Oklahoma Genealogical Society
CITY DIRECTORY OF
August 22, 1889
From Oklahoma Genealogical Society Quarterly Vol. 16 (Year 1971)—No. 1, January 1971; No 2, June 1971; No. 3, September 1971; No. 4, December 1971; Vol. 17 (Year 1972)—No. 1. January 1972; No. 2, June 1972; No. 3, September 1972; No. 4, December 1972
Transcribed to Electronic form by Jo White
(NOTE: Several of the names listed are NOT in exact alphabetical order.)
THE CITY DIRECTORY
The compilers of the first city directory of Oklahoma City present the fruit of their labor to the business men of the city, hoping that it will be of practical use as a book of reference, as well as a faithful index of the growth and importance of the town to the outside world. That this book is perfect, we do not claim. Errors in the census were unavoidable, although we believe not frequent. Our census takers, Mr. S.C. Smith, Jr. and H.E. Foster, did their work slowly, carefully, and in the most accurate manner possible. If the names of some bona fide residents are omitted, we dare say it is not the fault of the census takers. When occupants of houses were not in, and every effort to obtain their names failed, printed blanks were posted conspicuously upon their doors to be filled in by them and collected by the census takers after a reasonable time had elapsed. Four months from the platting of the city, the census shows 5,027 actual residents. That several hundred people are absent from the city in the states, setting up their affairs preparatory to moving here with their new families, everybody knows. It is safe to say that the population of Oklahoma City is 7,000, were the families of many male residents here. The census includes Oklahoma City proper and South Oklahoma. The names, initials, occupation, block, lot, street and number in family were given in every case where possible to obtain the desired information. Street numbers could not be given as a system of numbering has not yet been completed. We can but regret that a fair business representation is not shown on our advertising pages. It is not because our merchants were not thoroughly and earnestly solicited. To those of our business men whose patronage enabled us (to) produce this work, we extend our sincere thanks. We believe you will consider your money well spent.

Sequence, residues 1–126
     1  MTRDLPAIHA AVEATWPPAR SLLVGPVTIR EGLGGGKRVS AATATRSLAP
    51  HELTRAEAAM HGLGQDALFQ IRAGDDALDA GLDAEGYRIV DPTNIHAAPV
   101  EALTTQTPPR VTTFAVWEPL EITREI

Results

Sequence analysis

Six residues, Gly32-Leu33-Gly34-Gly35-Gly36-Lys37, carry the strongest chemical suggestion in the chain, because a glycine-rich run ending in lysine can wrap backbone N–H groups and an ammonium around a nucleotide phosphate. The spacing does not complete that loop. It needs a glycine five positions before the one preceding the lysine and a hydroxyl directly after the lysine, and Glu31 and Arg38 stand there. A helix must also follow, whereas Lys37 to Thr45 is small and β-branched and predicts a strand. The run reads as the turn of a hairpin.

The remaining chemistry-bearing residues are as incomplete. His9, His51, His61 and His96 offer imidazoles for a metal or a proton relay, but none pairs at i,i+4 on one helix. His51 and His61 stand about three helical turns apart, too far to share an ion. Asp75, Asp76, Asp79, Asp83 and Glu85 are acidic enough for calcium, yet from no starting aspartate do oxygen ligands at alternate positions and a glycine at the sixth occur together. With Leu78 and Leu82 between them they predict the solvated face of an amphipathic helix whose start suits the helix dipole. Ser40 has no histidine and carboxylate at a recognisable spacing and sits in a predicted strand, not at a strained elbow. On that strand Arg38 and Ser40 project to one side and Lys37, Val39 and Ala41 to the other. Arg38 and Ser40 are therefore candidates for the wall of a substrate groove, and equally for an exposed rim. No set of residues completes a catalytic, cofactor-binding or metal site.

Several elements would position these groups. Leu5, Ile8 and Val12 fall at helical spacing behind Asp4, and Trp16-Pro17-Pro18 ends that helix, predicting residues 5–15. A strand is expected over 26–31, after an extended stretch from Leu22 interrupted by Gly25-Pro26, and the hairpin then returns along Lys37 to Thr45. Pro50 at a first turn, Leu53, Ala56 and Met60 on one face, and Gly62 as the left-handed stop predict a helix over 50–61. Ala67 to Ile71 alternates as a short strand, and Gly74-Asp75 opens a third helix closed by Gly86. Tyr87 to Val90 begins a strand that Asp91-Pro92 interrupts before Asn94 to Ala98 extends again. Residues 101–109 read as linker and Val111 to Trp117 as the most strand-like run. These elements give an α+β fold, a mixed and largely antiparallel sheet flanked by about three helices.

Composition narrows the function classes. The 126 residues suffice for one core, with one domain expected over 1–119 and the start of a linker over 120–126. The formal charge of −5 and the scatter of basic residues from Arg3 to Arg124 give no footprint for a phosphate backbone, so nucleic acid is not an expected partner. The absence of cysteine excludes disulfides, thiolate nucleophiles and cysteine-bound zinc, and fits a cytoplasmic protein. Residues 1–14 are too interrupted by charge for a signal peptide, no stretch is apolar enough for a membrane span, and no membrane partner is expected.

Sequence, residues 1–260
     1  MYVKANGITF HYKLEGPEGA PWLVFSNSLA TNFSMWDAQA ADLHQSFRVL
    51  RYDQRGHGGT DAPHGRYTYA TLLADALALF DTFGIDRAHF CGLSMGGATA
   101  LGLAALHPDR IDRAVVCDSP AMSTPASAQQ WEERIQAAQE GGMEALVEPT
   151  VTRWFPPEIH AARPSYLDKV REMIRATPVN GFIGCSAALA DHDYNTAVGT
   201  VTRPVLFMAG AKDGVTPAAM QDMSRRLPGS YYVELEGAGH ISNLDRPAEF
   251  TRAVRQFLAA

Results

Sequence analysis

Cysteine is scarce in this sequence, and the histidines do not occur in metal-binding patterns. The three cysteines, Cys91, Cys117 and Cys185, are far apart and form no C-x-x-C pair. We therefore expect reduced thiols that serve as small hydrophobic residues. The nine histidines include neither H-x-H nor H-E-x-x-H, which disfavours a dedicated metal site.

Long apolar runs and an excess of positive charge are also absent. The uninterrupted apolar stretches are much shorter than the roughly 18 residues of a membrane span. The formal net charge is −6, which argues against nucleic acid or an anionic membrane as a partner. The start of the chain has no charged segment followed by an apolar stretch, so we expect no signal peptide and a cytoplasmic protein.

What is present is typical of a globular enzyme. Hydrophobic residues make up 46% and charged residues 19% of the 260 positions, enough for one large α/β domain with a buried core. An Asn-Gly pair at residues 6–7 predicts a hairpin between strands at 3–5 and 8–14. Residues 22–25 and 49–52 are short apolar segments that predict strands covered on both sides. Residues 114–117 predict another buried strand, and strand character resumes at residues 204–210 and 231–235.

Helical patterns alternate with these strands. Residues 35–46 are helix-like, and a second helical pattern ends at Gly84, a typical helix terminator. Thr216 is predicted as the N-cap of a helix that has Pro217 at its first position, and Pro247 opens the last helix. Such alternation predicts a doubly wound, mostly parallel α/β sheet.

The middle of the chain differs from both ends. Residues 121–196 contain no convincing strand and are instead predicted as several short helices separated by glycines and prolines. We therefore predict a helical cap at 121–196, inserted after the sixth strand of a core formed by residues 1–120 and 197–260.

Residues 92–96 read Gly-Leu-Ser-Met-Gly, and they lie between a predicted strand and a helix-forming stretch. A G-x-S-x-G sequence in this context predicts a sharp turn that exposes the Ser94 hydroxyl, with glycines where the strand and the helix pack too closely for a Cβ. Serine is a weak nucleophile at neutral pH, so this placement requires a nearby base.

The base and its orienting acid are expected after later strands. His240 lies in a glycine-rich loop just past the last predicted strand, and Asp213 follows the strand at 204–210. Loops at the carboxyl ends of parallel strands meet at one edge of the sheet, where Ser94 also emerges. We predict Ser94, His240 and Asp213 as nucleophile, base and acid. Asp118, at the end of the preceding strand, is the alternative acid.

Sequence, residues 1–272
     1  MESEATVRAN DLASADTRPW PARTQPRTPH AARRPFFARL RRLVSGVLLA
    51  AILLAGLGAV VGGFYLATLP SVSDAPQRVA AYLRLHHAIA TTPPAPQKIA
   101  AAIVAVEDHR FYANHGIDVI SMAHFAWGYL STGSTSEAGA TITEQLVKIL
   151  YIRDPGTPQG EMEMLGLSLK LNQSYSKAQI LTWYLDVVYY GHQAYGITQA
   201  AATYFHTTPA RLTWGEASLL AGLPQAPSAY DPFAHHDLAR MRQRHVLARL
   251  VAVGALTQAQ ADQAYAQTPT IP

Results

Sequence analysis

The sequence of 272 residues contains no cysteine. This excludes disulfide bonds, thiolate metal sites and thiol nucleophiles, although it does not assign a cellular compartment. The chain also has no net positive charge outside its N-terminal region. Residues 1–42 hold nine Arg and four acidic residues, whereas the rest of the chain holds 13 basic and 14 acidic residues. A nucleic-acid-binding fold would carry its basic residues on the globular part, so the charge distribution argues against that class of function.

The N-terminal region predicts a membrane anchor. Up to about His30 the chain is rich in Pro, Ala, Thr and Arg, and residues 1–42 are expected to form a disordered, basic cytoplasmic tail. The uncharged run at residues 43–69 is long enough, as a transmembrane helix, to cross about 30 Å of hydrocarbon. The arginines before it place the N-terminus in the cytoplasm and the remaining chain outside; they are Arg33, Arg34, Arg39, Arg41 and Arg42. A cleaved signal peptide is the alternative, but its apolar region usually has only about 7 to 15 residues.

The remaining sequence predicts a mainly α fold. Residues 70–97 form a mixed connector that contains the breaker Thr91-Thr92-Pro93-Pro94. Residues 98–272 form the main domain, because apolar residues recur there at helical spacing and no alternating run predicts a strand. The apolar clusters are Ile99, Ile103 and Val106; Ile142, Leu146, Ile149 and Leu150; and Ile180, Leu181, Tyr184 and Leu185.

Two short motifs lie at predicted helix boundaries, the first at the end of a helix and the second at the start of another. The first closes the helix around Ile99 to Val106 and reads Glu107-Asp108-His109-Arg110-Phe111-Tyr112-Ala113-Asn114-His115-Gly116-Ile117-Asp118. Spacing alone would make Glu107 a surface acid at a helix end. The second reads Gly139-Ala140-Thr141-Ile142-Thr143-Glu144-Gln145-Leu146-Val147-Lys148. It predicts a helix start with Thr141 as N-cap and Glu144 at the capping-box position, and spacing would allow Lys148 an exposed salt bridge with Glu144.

Oklahoma City, I.T., Aug. 22, 1889
The rise and progress of Oklahoma City is remarkable, although natural. Here the enterprise and town-building spirit of the western people shows a striking example. On the morning of April 22nd, 1889, the town site of Oklahoma City contained a log government store house, supply store, post-office, section house and railway station. On the afternoon of that historical day, thousands of excited men rushed wildly over the site and staked it off in town lots. Hundreds of tents quickly transformed a solitude to a vast, bustling encampment, and that night the stars looked down upon countless flaring camp-fires. Since then, the sights and sounds of a rapidly building, bustling, ambitious western city have transformed the scene “as by a stroke of the enchanter’s wand,” and made it the subject of wide-spread comment on the part of the American press, awakening an interest in the wonderful young city throughout the entire Union.
The rapid, never-failing waters of the North Canadian River, in their windings through the agricultural heart of Oklahoma, form a horse-shoe, half enclosing the finest natural town site in the “Beautiful Land.” Here was platted Oklahoma City, and here is destined to be the metropolis of the Indian Territory, if not the great southwest. The business portion of the city lies on the broad, high flats of the valley, and the residence portion mainly on gently rolling uplands to the north.
No town in the new territory can show as convincing reasons for future growth and prosperity as Oklahoma City. Situated in the very heart of an extensive, rich, agricultural belt, the natural supply point of the fertile inter-Canadian country and adjacent Indian Reservations, she is bound to make an important city. The U shaped river bend around town will be utilized to great advantage by cutting a straight canal through the city, thus deflecting the channel of the river, and thereby obtaining a fall of 30 feet, insuring excellent water power. A company has already been organized for this purpose. Manufacturing industries have already begun to locate here, and it will eventually be a manufacturing center. Oklahoma City will be a railroad center. It will be a great wholesale point for the Indian Territory and the Texas Panhandle. It will be the capital of the coming State of Oklahoma, as its commercial importance and geographical convenience will outweigh the alleged advantages of ambitious capital aspirants.